Eastern Congo is home to the world's deadliest conflict since World War II, claiming over 5.4 million lives. In 2011, DRC was ranked the least developed country in the world. Extreme poverty, malnutrition, infant mortality, and lack of education are a way of live. Rebel groups continue to terrorize communities, and the cycle of poverty and violence persists, limiting opportunities for employment or economic development. Many Congolese say they feel hopeless and see a future with no opportunity.
Mavuno's process is designed to place local interests and ingenuity at the center of a community's development. Organizing communities and building capacity of local leaders is key to Mavuno's approach, allowing for long-term sustainability. Mavuno not only provides the basic inputs and technical training needed, but also the structures through which communities can work together and effectively address needs.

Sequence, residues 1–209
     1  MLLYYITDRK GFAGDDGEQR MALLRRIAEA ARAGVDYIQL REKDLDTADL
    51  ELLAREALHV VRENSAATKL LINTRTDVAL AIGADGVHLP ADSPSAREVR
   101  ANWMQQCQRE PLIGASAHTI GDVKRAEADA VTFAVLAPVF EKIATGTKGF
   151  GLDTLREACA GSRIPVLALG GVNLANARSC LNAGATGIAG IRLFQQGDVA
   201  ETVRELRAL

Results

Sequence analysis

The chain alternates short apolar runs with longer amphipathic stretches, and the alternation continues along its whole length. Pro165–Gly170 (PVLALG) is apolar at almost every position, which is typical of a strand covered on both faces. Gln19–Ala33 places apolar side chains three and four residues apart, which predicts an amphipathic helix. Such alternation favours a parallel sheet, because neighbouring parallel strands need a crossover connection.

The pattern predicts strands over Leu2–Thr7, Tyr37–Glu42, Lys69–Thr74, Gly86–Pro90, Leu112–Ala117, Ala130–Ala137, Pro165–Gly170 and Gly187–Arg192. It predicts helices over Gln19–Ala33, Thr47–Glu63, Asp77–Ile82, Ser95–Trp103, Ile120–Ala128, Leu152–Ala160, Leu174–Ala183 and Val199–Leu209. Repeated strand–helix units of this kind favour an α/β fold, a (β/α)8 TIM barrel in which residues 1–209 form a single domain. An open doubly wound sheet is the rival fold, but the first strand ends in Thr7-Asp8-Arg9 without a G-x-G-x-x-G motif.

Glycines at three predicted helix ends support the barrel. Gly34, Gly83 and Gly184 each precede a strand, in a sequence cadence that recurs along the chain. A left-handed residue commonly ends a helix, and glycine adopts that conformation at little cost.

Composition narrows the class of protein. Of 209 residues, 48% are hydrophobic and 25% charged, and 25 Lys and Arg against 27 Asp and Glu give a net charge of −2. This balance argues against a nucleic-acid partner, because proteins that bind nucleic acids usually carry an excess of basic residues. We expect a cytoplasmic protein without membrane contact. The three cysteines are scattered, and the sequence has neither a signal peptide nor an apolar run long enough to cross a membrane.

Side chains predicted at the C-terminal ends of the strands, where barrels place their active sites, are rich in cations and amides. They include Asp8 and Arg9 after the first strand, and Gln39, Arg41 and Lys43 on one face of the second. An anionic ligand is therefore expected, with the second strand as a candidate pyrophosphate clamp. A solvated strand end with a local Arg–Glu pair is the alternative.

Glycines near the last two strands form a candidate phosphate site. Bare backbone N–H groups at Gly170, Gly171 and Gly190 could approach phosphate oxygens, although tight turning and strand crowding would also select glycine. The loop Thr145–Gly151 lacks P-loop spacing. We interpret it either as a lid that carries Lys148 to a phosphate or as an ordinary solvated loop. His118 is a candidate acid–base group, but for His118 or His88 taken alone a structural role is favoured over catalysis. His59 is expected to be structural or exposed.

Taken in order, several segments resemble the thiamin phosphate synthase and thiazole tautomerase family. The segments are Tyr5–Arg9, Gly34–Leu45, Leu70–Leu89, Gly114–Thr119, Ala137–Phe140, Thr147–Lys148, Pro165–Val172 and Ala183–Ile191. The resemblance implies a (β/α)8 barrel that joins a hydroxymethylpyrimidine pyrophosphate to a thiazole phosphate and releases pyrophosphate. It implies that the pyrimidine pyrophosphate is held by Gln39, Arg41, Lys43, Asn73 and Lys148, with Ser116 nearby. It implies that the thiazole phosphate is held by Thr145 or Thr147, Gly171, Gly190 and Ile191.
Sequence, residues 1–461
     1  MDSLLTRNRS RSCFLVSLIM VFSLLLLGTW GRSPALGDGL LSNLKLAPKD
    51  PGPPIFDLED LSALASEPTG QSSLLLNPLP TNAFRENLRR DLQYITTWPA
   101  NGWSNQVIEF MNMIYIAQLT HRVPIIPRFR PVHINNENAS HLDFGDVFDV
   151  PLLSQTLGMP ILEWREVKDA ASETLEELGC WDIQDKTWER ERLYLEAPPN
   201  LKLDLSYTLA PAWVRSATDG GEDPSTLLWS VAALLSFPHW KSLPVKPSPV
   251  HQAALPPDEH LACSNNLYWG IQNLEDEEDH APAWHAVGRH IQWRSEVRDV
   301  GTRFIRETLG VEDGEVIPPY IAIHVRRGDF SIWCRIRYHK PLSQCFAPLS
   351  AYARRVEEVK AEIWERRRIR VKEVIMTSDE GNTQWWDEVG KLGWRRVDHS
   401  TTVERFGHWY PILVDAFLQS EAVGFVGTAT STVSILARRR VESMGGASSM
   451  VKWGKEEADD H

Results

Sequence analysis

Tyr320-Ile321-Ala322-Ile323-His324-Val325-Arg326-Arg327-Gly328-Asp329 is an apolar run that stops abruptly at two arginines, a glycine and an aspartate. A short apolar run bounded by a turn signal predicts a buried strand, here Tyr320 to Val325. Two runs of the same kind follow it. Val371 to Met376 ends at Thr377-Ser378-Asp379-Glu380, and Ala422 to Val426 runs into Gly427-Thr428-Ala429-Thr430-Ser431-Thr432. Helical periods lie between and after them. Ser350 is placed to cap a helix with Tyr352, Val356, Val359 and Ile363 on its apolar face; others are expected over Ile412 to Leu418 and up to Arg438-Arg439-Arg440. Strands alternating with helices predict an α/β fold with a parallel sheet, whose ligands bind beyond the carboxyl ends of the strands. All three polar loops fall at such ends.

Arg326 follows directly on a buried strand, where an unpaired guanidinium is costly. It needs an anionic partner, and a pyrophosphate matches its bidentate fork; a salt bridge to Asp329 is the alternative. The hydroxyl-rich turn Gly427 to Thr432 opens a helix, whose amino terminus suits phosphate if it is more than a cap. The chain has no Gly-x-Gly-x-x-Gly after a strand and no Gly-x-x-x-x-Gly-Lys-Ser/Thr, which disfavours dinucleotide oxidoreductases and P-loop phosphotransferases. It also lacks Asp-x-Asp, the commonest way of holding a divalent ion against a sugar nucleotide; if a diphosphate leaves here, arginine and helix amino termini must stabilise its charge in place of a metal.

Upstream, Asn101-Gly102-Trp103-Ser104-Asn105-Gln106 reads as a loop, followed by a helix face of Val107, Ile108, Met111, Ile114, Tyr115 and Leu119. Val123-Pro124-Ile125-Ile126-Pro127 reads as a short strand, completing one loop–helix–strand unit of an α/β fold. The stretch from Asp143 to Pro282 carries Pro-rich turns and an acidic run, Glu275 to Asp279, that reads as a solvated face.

Mavuno's theory of change states that this combination of human and economic develop leads to ending extreme poverty. Communities become more cohesive and resilient. Individuals have increased knowledge, capacity, and belief in their ability to produce change. Income generated from businesses is invested in education, health, sanitation, housing improvements, and savings in the event of setbacks.
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